By Kristina Shevory
This article comes to us courtesy of California Home + Design.
Progressive, innovative and stunning, these are the homes which will define the design of tomorrow.
When the owner of this unique home first came to <a href="http://www.studioea.com/" target="_hplink">architect David Hertz </a>with ideas of a house topped with a curvy roof, he immediately thought of an airplane wing. Crazy--until he realized it could be done. They bought an old 747 for less than $50,000 and brought it to the 55-acre site in Malibu piece by piece. The wings were used for the roof and the rest will be used in other buildings.
Challenged with building a home on a 15-acre site of wooded grassland--split by a large ravine--San Francisco-based <a href="http://www.saitowitz.com/" target="_hplink">architect Stanley Saitowitz</a> worked with what he had. The architect bridged the ravine with a 220-foot-wide house made of alternating levels of Cor-Ten steel plates and glass. Located in the scenic town of San Anselmo, in the south-east corner of Marin county, the home celebrates the incredible landscape. On the top floor, the living areas look north out of glass walls. The bedrooms on the bottom level look south.
When a young couple found a house and detached studio-garage on a nice, ample lot in Venice that fit both their lifestyle and had room for their in-laws, they knew they had something special. The home had potential, but was in serious need of some TLC. The stucco buildings were a far cry from the home the couple had envisioned. The homeowners turned to <a href="http://www.dalygenik.com/" target="_hplink">Daly Genik Architects</a>, who dove into the project. The architects renovated the two buildings, wrapping them in an aluminum exoskeleton to give them filtered light, balconies and added privacy.
The Nakahouse, designed by the famed <a href="http://xtenarchitecture.com/" target="_hplink">XTEN Architecture</a>, is a lesson in transformative architecture. XTEN worked to reconfigure the 1960s Hollywood Hills ranch house to better showcase the incredible surroundings. The firm gutted the interior, added four new terraces, and carved out windows to drink in the expansive views. The outside of the house was coated in plaster and painted black to make it pop and look like one complete unit. The result? A home that captures the attention of architecture junkies worldwide and wins a slew of design awards including a coveted 2012 National AIA Award.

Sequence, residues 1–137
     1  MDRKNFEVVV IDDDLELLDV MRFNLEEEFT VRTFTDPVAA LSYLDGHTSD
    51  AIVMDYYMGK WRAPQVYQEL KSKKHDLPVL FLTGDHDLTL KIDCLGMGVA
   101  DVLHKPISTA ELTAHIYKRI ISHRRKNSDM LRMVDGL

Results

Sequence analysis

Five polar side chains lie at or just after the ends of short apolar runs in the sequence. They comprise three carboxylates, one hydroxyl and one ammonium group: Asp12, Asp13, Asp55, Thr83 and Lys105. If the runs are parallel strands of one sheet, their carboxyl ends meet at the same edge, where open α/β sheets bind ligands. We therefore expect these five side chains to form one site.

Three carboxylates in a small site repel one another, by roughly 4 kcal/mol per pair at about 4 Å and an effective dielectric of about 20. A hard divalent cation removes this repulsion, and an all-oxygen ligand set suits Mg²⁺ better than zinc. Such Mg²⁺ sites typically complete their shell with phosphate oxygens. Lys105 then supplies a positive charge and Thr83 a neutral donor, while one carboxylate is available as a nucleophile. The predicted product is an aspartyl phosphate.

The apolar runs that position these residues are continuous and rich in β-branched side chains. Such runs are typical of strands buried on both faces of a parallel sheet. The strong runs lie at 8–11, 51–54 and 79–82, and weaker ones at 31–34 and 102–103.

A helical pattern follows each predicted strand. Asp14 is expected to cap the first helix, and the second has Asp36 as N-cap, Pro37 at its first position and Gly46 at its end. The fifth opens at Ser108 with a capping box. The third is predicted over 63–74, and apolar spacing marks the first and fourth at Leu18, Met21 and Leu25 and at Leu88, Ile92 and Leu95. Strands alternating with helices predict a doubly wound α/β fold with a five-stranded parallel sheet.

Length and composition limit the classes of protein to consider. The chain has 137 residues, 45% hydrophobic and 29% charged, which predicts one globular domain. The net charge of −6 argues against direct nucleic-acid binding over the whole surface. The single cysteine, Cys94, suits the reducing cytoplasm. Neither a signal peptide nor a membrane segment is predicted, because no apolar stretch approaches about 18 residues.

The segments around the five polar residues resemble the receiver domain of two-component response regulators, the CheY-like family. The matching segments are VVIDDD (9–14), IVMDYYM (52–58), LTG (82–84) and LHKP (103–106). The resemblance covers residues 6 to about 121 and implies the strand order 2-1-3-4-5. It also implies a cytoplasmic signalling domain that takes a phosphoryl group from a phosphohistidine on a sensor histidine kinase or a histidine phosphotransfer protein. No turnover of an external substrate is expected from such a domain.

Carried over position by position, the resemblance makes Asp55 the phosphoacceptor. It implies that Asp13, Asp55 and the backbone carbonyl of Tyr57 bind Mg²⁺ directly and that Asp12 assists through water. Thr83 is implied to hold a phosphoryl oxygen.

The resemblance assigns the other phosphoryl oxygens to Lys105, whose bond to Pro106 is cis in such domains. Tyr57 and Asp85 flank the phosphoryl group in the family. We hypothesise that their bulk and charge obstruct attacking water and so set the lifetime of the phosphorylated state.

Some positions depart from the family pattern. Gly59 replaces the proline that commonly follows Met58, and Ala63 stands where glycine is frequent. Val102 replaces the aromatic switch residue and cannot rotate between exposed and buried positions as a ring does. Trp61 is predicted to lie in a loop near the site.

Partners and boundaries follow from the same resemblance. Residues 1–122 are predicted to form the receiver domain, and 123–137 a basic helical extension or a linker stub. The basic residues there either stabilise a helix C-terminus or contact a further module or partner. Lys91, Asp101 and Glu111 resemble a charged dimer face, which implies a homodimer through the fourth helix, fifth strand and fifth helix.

Building a house in an area prone to wildfires can be dicey. A site located in Toro Canyon, just south of Santa Barbara, presented <a href="http://www.olsonkundigarchitects.com/Projects/160/Montecito-Residence" target="_hplink">Olson Kundig Architects</a> with formidable challenges. Sometimes, as the home now known as the Montecito Residence proves, practicality breeds genius and innovation. The firm opted to use fire-resistant and eco-friendly materials like steel, glass and concrete. There's more than beauty at work: the angled, umbrella-like roof blocks sunlight and a central hallway shuttles breezes through the house. Let the steel oxidize and the concrete age and overtime the home will blend organically into Toro Canyon.
This <a href="http://www.edmondslee.com/" target="_hplink">Edmonds + Lee Architects</a>-designed home is a study in contrasts. Nestled into the rolling hills of Wine Country's Kenwood, the home is built as three separate structures--a main house, guest house and garage. The structures' strong geometric lines and simple-yet-bold material palette of cedar planks and glass are dramatic additions to the sprawling, green landscape.
Cubist form takes a warm turn in this striking Santa Barbara home designed by <a href="http://shubinanddonaldson.com/toro-canyon-residence-2/" target="_hplink">Shubin + Donaldson</a>. The concrete walls are massive in form, but the mahogany-framed windows soften the home. The shape is sleekly modern and unbroken by protruding balconies or skylights, but inside the living spaces are filled with color (<a href="http://www.californiahomedesign.com/house-tours/clear-intention/3446" target="_hplink">take the full tour here</a>).
When it was first completed, this San Francisco single-family residence was the recipient of numerous awards, including the 2009 National AIA Housing Award and the 2009 SFAIA Excellence in Architecture Award, and it's easy to see why. Designed by <a href="http://www.zackdevito.com/" target="_hplink">Zack | de Vito</a>, the sustainably-designed, urban retreat is a contemporary masterpiece. The home's framing system was built off-site to cut down on waste, while eco-friendly materials like Forest Stewardship Council certified woods and solar hot water panels add to its green reputation.
Inspired by the designs of Cliff May, the Caterpillar House, named for the way the home curves along the site, is the model of a modern ranch house. Designed by Jonathan Feldman of San Francisco's <a href="http://www.feldmanarchitecture.com/work.php" target="_hplink">Feldman Architecture</a>, the home seems to rise out of the grassy landscape as a naturally occurring formation. The home is LEED Platinum Custom Home and was the recipient of the 2012 CH+D Award for Residential Architecture (Less than 3,000 Sq. Ft.). <a href="http://www.californiahomedesign.com/house-tours/2012-chd-award-winner-residential-architecture-less-3000-sq-ft/4162" target="_hplink">Take the full tour</a>.